“Am I Buggin’ You?” No, Not The “Bug Man!”   5 comments

Sabino Canyon Volunteer Naturalists and Trainees Following the Carl “Bug Man” Olson Over Sabino Creek

If you feel like life if bugging’ you, it’s not the “bug man.” It’s more likely that you are suffering from “nature-deficit disorder,” something you will not have if you are spending time out in nature with the “creek critters.”

The Sabino Canyon Volunteer Nationalist (SCVN) thrive in natural environments and in being part of bonded social groups. Science continues to gather evidence for the benefits of living closer to nature. Most naturalists are well aware of the spiritual and mental sustenance obtained from spending time outdoors — now science is validating it. A few years ago, journalist Richard Louv wrote a book documenting the radical transformation of the culture in which American children grow up, a transformation in which “young people are being taught to avoid direct experience in nature.” (“Last Child in the Woods: Saving our Children from Nature-Deficit Disorder“) The SCVN mission is to help stop this transformation by promoting the value of learning from nature through activities and programs for children and adults.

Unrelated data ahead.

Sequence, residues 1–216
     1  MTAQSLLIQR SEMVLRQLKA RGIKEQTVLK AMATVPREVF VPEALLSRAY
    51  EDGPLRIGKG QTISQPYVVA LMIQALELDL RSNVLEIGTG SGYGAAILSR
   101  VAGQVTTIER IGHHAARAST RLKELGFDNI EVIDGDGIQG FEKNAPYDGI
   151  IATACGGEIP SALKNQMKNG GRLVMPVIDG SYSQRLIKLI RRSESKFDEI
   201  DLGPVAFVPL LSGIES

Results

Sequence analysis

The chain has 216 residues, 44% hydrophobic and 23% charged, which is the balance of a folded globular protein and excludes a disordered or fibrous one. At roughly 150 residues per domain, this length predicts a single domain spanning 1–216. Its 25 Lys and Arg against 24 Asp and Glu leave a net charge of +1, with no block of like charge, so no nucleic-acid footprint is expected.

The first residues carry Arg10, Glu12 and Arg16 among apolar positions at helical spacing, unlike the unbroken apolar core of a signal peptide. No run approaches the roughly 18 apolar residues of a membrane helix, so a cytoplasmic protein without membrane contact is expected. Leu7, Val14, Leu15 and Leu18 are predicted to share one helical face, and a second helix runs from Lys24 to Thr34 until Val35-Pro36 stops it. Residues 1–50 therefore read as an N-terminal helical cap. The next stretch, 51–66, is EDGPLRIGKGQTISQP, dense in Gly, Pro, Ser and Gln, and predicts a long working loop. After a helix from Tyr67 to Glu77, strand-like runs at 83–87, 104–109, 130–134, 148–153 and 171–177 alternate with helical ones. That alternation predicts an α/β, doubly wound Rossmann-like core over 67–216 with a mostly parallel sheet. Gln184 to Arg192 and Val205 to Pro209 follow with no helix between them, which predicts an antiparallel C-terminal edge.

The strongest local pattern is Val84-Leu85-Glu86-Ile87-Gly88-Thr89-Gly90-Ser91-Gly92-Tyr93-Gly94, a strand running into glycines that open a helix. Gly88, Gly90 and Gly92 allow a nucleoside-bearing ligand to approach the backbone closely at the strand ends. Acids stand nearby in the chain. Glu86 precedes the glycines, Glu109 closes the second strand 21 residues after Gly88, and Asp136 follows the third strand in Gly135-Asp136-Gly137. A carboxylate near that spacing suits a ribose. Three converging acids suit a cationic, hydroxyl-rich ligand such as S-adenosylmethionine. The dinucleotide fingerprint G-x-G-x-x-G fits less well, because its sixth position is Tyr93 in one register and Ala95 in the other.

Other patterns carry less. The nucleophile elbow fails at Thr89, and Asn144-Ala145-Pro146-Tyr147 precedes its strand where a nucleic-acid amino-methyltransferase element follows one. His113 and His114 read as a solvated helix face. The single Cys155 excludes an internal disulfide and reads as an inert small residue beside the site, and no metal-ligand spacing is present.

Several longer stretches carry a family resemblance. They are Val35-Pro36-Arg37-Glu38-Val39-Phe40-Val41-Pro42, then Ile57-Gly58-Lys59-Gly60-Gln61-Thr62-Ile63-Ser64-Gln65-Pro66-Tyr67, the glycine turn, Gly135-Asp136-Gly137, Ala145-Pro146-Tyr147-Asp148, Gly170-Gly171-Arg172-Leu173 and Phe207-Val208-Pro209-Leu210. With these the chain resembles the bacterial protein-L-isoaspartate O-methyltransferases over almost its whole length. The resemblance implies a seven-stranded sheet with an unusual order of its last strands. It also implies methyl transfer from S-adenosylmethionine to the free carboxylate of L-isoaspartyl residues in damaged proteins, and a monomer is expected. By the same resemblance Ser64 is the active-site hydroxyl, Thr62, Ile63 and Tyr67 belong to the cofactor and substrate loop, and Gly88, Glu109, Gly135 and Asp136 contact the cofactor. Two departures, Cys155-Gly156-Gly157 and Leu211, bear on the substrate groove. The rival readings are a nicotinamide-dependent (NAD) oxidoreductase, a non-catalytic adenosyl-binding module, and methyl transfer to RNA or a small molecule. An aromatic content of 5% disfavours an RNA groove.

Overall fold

To help the SCVN members better understand the aquatic habitats of insects and arachnids, Carl “Bug Man” Olson, Associate Curator, Insects, with the University of Arizona presented to the SCVN mentors and trainees at the Sabino Canyon Visitor’s Center, also down by Sabino Creek. Now I know such things as “The Katydid’s ears are on its legs.” And, “. . . that an insect with the congeal nickname of “kissing bug” could cause life-threatening allergic reactions in sensitive individuals.”

Carl also lead us through a variation of the Creek Critters activity, which involves using nets and small dishes to gather some of the critters in the creek. The images in this posting are from Carl’s creekside discussion. There were plenty of bugs, but no one was “bugged” by the “bug man.”


Images by kenne

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